This is the story of Ted Bundy, one of the most notorious serial killers of all time. Collins shines as Liz, while Zac Efron gives a performance that could redefine his career. Renowned filmmaker Joe Berlinger, best known for his true-crime documentaries, proves to be the perfect match to bring this Extremely Wicked, Shockingly Evil and Vile true story to the screen.

Film Review

Ted Bundy’s story is one everyone knows. Even if you weren’t alive while everything was unfolding, you know it. Why is that?

Extremely Wicked, Shockingly Evil, and Vile explores what made Ted Bundy so prolific. The majority of the film is shown from his girlfriend’s point of view. Clips of news reports about the unsolved murders are split by clips of Bundy living his life happily. The film really ingrains into your head that serial killers do not all have one face, that even educated, attractive white men who never had any ‘warning signs’ can be capable of unspeakable things, things that are extremely wicked, shockingly evil, and vile.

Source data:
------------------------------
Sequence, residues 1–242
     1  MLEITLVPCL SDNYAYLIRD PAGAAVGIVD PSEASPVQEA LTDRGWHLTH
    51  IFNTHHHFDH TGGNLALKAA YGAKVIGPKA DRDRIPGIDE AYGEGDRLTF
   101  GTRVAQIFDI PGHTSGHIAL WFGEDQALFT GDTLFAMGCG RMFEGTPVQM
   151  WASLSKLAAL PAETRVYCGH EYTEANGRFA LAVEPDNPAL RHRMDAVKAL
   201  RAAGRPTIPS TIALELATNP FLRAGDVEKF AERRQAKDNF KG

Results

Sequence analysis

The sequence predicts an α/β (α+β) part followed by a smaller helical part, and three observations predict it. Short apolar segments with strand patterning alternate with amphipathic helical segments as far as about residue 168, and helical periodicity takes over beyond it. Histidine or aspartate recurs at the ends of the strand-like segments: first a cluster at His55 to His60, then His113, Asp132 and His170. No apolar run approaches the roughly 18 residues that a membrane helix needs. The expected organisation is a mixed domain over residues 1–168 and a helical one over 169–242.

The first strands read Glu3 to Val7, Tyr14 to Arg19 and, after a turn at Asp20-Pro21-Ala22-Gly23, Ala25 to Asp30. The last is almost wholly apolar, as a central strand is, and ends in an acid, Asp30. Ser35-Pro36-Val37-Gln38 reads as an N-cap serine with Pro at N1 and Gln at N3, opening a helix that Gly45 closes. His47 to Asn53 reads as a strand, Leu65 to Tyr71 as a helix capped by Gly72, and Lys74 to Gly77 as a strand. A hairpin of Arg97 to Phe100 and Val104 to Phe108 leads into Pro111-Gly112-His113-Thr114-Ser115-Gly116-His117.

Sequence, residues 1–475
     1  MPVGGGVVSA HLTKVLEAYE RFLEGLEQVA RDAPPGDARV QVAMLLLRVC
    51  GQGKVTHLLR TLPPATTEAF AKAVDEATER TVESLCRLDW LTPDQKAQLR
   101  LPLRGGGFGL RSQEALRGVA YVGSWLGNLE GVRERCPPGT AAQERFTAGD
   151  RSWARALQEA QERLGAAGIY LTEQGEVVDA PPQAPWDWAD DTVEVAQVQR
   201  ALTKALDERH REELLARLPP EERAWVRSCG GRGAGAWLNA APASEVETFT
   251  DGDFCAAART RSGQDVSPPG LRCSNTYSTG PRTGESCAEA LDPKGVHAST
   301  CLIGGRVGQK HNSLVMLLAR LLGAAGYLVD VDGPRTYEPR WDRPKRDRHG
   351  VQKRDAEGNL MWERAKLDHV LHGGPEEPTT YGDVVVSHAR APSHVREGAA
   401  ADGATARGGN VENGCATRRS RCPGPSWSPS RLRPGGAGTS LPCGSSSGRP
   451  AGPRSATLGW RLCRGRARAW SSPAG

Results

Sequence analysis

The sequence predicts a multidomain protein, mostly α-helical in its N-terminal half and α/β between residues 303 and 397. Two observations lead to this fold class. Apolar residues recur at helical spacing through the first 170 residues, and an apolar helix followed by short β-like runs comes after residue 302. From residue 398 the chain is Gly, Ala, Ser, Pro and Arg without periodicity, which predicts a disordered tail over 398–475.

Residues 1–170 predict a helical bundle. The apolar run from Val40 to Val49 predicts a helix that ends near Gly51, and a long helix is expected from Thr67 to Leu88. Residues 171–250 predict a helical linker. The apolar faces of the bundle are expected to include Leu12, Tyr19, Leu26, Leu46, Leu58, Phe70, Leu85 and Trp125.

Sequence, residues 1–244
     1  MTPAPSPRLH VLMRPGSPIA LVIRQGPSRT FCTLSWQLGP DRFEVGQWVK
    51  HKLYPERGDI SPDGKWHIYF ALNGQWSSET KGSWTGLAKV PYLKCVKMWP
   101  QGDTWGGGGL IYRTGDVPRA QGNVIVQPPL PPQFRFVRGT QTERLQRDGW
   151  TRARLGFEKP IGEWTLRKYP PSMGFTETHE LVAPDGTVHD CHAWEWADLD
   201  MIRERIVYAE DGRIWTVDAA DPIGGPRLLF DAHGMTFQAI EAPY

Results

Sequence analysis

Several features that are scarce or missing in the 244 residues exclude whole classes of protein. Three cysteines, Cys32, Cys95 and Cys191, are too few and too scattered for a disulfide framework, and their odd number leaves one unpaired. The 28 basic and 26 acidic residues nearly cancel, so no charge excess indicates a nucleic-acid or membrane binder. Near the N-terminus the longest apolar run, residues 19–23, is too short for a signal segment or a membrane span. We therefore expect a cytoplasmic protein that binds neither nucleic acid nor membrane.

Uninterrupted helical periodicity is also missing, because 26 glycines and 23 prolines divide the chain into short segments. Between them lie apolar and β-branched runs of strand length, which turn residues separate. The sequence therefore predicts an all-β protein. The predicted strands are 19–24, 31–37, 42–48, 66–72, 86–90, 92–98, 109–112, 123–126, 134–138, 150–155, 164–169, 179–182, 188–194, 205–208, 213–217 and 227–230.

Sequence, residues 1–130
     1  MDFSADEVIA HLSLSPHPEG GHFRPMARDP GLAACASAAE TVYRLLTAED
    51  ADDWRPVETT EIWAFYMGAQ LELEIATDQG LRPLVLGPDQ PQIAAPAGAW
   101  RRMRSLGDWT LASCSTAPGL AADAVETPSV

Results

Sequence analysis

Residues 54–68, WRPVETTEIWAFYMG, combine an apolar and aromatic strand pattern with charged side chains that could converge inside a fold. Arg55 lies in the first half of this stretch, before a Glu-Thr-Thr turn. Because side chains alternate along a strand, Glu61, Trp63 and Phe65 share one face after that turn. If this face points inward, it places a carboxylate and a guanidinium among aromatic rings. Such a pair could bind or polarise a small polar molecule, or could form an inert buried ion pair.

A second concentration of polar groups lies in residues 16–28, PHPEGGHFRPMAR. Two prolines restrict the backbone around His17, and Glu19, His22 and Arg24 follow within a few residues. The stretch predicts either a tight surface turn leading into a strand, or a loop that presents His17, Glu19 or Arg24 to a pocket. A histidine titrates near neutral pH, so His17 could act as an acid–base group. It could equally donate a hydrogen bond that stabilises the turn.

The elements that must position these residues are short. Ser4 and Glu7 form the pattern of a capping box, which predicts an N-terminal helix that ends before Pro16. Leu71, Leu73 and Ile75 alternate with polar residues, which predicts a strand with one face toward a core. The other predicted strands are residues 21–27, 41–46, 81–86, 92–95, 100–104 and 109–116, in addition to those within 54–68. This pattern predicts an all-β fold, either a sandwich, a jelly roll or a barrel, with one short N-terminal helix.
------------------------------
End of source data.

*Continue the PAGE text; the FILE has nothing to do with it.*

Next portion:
Zac Efron’s acting as Bundy in this film is phenomenal. He brings to life the charismatic Bundy the media fell in love with. And for split seconds throughout the story, if you can manage to forget that this is a true story and he really did do all those horrible things, you may even find yourself feeling sorry for Bundy for a fleeting moment.

This entire cast is just one giant powerhouse that brings a side to the story that we don’t often get to see, the side of Bundy’s family and friends, and how everything affected them. Lily Collins’ portrayal of Liz Kloepfer, Bundy’s girlfriend at the time he is arrested, is heartbreaking and you will definitely find yourself in tears as she deals with the trauma that Bundy put her through.

This film is due to come out soon, and I highly recommend you go see it.


Stay tuned for more of MuggleNet’s Sundance coverage. Do you plan to see any of these films? Let us know in the comments below!